14. Hochstetler, D., and P. Hopsicker. 2012. The heights of humanity: Endurance sport and the strenuous mood. Journal of the Philosophy of Sport 39 (1): 117–136.CrossRefGoogle Scholar
  15. ———. 2016. Normative concerns for endurance athletes. Journal of the Philosophy of Sport 43 (3): 335–349.CrossRefGoogle Scholar
  16. Ilundáin-Agurruza, J. 2014. William James—Pragmatic pioneer. Sport, Ethics and Philosophy 8 (3): 258–270.  https://doi.org/10.1080/17511321.2014.981359.CrossRefGoogle Scholar
  17. James, W. 1890/2007. The principles of psychology, vol. I. New York: Cosimo Classics.Google Scholar
  18. ———.1899. What makes a life significant? http://philosophy.lander.edu/intro/articles/jameslife–a.pdf.
  19. ———. 1901/1902. The varieties of religious experience. A study in human nature. https://worldu.edu/library/william_james_var.pdf. Accessed 5 Feb 2018.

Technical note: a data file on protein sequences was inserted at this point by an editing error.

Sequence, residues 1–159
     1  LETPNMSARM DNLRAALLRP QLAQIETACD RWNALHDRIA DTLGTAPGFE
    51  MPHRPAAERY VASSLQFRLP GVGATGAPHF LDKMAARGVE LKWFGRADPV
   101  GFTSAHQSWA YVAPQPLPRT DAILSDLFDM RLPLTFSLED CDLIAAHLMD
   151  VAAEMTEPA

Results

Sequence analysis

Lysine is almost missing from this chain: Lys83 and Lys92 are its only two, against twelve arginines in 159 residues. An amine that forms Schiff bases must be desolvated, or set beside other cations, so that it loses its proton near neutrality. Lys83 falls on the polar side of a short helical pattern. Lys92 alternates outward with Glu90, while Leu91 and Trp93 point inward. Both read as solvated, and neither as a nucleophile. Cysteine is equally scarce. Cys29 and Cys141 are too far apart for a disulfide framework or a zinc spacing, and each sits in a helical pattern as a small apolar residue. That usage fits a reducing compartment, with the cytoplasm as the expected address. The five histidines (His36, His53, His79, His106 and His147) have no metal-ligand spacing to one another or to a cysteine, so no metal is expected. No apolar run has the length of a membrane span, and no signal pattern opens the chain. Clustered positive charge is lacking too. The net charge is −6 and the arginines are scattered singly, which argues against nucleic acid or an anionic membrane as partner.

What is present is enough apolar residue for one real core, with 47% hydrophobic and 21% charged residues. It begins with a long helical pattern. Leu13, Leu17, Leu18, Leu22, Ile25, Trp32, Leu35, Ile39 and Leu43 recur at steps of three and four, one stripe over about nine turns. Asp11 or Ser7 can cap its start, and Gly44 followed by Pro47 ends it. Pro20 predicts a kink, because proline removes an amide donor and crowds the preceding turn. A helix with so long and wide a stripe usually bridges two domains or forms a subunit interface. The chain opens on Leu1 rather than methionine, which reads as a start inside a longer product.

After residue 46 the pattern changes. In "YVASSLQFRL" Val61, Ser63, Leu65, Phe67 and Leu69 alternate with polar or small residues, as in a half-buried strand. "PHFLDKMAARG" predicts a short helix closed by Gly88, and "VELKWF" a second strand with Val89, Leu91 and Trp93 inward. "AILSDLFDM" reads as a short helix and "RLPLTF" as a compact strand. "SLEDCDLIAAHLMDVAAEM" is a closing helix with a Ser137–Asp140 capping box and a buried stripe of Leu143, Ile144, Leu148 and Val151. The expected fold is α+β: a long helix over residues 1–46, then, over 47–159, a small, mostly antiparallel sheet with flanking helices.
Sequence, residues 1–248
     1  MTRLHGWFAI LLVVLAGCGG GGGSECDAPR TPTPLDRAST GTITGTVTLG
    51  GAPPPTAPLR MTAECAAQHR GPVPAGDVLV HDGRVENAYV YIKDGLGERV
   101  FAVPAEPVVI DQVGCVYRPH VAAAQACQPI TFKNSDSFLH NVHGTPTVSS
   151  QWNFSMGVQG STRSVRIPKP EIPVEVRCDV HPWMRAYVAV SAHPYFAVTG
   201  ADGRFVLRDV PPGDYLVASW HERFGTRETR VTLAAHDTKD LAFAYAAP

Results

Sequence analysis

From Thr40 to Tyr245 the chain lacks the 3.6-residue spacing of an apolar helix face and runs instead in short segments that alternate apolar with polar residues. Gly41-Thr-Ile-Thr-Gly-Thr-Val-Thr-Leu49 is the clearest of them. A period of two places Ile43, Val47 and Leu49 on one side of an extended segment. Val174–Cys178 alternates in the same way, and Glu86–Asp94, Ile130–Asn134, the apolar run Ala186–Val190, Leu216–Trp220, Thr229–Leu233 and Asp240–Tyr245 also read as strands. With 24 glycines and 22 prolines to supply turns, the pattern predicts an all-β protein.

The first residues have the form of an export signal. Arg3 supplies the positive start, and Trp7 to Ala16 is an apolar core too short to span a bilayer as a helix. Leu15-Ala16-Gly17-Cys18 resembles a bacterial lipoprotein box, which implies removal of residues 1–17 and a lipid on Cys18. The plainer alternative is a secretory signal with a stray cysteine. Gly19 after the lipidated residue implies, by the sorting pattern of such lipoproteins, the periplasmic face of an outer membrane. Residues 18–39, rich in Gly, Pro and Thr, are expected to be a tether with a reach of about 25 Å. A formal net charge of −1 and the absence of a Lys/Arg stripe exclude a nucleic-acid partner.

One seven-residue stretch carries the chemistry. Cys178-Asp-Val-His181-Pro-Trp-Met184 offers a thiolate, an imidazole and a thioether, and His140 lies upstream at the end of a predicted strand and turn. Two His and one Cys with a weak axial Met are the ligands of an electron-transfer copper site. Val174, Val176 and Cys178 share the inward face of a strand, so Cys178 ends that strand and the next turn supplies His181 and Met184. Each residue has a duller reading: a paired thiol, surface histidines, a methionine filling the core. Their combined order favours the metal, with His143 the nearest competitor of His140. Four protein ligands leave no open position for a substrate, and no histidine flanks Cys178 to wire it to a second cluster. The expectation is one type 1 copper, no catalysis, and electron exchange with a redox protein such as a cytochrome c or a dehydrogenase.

20. ———. 1907a. Pragmatism, an new name for some old ways of thinking. Popular lectures on philosophy. New York: Longmans, Green, & Co.CrossRefGoogle Scholar
  21. ———. 1907b. The energies of man. The American magazine (reprint). https://archive.org/stream/energiesofmen00jameuoft/energiesofmen00jameuoft_djvu.txt. Accessed 5 Feb 2018.
  22. Kahn, J. 2009. Divine discontent: The religious imagination of W.E.B. Du Bois. Oxford: Oxford University Press.CrossRefGoogle Scholar
  23. Kretchmar, S.R. 1982. Distancing’: An essay on abstract thinking in sport performances. Journal of the Philosophy of Sport 9: 6–18.CrossRefGoogle Scholar
  24. Loland, S. 1996. Outline of an ecosophy of sport. Journal of the Philosophy of Sport 23: 70–90.CrossRefGoogle Scholar